AP HC: Proceedings under the DV Act are not maintainable against the female members, the proceedings are liable to be quashed
THE HON’BLE SRI JUSTICE P.SWAROOP REDDY
Criminal Petition No. 4106 of 2008
Smt. Menakuru Renuka and Others.
Smt. Menakuru Mona Reddy.
2.State of A.P. rep. By Public Prosecutor,
High Court of Andhra Pradesh, Hyderabad.
Counsel for Petitioners : C.Praveen Kumar.
Counsel for Respondent1: K.M.Mahender Reddy.
This petition under Section 482 Cr.P.C. is filed by the petitioners, who are respondent Nos. 2 to 4 in D.V.C. No. 1 of 2008 on the file of the learned Judicial Magistrate of First Class, Pulivendula, Kadapa District. The first respondent herein, who is the complainant (herein after called as the complainant) in the above D.V.C., filed the complaint under Section 12 of the Protection of Women from Domestic Violence Act, 2005 (for short ‘the Act’) claiming reliefs under Sections 18, 19 and 20 of the Act.
2. According to the complainant, her marriage with M.S. Mahender Reddy son of the first and second petitioners and the brother of the third petitioner herein was performed on 29.06.1997. According to the complainant, huge amount to a tune of Rs.1.00 crore was given to the petitioners apart from several other articles. After the marriage,
the spouses lived in United States of America for some time. There was harassment by the husband, even after the birth of a child. Even after they returned to India, there was harassment by the husband, as well as parents-in-law, including the sister-in-law. It is the case of the complainant that not only she, but her father was assaulted by the present petitioners. In the D.V.C., she sought reliefs of separate residence, compensation of Rs.8.00 crores and Rs.1.50 Lakhs towards house hold expenses.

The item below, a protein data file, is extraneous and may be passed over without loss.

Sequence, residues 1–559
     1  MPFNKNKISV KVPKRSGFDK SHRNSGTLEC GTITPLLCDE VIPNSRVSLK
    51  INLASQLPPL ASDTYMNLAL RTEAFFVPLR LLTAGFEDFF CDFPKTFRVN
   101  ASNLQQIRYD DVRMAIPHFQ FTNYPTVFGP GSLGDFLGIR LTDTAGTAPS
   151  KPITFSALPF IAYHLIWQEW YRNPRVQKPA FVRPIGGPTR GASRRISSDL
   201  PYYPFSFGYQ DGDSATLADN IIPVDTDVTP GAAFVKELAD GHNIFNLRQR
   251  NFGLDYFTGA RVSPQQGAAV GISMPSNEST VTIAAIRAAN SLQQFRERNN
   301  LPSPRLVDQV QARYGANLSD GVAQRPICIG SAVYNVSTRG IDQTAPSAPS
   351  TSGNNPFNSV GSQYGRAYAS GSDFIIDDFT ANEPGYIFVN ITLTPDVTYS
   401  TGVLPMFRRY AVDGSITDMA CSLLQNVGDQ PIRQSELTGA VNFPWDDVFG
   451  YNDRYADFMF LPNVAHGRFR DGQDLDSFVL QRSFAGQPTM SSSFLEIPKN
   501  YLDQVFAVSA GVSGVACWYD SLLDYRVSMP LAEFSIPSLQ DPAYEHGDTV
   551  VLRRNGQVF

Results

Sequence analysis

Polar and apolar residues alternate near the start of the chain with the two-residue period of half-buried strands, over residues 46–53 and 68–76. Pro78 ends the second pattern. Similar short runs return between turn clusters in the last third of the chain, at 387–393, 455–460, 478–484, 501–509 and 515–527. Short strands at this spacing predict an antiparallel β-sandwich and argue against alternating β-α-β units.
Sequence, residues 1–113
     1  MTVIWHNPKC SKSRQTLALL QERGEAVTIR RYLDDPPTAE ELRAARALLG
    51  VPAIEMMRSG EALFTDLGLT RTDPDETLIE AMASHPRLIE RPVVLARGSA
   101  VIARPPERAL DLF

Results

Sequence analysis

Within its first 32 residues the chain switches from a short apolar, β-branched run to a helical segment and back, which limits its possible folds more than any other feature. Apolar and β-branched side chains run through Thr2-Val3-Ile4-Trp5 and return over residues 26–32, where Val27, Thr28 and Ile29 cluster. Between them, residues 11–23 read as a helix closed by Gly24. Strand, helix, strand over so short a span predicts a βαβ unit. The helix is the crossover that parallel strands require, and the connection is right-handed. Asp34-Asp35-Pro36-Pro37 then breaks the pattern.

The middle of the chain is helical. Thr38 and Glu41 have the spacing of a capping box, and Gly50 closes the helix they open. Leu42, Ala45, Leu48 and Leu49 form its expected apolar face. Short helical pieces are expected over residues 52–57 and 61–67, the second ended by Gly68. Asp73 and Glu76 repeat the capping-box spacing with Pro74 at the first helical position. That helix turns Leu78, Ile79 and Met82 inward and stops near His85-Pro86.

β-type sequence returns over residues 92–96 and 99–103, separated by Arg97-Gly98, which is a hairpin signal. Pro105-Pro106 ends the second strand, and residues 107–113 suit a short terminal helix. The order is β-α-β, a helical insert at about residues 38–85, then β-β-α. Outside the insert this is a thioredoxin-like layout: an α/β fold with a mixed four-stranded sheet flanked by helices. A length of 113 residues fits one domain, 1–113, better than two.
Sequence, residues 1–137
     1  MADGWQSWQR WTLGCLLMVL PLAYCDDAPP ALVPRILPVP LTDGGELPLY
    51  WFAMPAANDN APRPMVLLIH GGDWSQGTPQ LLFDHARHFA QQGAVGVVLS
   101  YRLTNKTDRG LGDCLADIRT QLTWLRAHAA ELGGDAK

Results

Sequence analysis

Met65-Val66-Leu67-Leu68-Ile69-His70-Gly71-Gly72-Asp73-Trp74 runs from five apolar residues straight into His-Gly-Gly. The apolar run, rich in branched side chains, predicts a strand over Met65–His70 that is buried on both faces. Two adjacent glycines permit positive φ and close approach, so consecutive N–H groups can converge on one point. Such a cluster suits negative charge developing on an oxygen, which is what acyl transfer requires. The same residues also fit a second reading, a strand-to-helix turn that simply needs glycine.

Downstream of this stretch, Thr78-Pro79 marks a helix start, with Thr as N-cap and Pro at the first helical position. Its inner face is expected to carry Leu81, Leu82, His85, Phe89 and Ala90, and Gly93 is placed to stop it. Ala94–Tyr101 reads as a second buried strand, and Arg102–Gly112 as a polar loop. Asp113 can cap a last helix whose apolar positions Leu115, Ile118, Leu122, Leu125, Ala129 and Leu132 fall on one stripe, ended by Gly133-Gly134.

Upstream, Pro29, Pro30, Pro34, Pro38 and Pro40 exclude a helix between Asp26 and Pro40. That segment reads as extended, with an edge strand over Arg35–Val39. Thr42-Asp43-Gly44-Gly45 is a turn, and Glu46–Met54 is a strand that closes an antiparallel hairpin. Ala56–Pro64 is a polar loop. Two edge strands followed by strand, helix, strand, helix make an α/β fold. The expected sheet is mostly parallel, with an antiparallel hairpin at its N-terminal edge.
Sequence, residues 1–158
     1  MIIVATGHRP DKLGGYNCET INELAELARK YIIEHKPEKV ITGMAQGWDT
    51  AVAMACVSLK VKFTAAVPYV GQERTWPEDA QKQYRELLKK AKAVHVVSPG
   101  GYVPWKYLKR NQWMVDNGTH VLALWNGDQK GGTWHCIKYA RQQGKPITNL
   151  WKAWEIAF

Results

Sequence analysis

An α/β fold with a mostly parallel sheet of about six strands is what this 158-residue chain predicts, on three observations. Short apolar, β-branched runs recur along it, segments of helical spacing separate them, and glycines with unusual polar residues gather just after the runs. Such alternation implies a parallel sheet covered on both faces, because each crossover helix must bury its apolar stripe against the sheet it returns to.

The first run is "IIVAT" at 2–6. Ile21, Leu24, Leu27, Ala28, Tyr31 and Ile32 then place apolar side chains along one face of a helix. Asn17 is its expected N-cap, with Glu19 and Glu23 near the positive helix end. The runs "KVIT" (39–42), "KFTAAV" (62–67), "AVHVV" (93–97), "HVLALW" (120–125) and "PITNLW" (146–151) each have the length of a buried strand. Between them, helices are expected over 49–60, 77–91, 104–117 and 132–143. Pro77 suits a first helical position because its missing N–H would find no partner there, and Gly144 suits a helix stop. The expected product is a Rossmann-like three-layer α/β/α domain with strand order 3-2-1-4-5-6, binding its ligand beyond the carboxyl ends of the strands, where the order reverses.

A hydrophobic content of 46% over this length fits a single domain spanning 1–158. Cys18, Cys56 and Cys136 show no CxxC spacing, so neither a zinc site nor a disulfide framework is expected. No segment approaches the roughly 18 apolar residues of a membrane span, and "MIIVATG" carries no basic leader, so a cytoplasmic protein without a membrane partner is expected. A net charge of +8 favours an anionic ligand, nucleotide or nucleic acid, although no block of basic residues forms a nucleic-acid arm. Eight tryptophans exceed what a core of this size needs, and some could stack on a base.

3. The contention of the petitioners is that even if the entire allegations in the complaint are taken to be true also, the provisions of the Act would not attract against present petitioner Nos. 1 and 3, as under Section 2 (q) of the Act, women are not liable and the reliefs that are now being claimed by the petitioners can be granted against the husband only and not from any other member of the family, including the present second petitioner, father-in-law. It is also the contention of the petitioners that the complainant has also filed a case against the petitioners and her husband under Section 498-A IPC and Sections 3 and 4 of the Dowry Prohibition Act in Crime No.77 of 2008 of Pulivendula Police Station that was registered on 12.6.2008, which perhaps is a counter blast to the report given by the second petitioner herein at Varthuru Police Station, Bangalore City on 6.6.2008.
4. A reading of the complaint given to the Protection Officer would show that the complainant was continuously harassed at USA, as well as in India, in several ways. While they were in USA, the present petitioners – parents-in-law and sister-in-law were instigating her husband to harass her and after they came to India also, all the family members of the husband, including the sister-in- law harassed her and they even assaulted her and her father. In the DVC, the complainant claimed protection under Section 18; provision for residence under Section 19; maintenance under Section 20 and compensation under Section 22 of the Act.
5. In the counter filed on behalf of the first respondent, the allegations in her complaint are repeated mostly and it is contended that the acts of the present petitioners and her husband attract the provisions of the Protection of Women from Domestic Violence Act, 2005; proviso to Section 2 (q) makes women also liable, her husband, parents-in-law and sister-in-law are liable under this Act. According to her, the third petitioner herein, her sister-in-law, used to influence her husband and other family members; she along with her parents instigated and abetted physical violence against her and that criminal cases by both sides have nothing to do with the present case.
6. Learned Senior Counsel – Sri C. Padmanabha Reddy, appearing for the petitioners contends that in view of the provisions of Section 2 (q) of the Act, women are not liable and for that reason the proceedings against them have to be quashed. It is the next contention of the learned senior counsel that the relief claimed in the DVC cannot be claimed against any of the petitioners and for that reason also the proceedings have to be quashed against the petitioners.
7. On the other hand, Sri D. Prakash Reddy, learned Senior counsel appearing for the respondent, contends that in view of proviso to Section 2 (q) of the Act, the DVC is maintainable against women i.e., petitioner Nos.1 and 3 also and the claims made by the first respondent are maintainable against all the petitioners herein, who are the
parents-in-law and sister-in-law.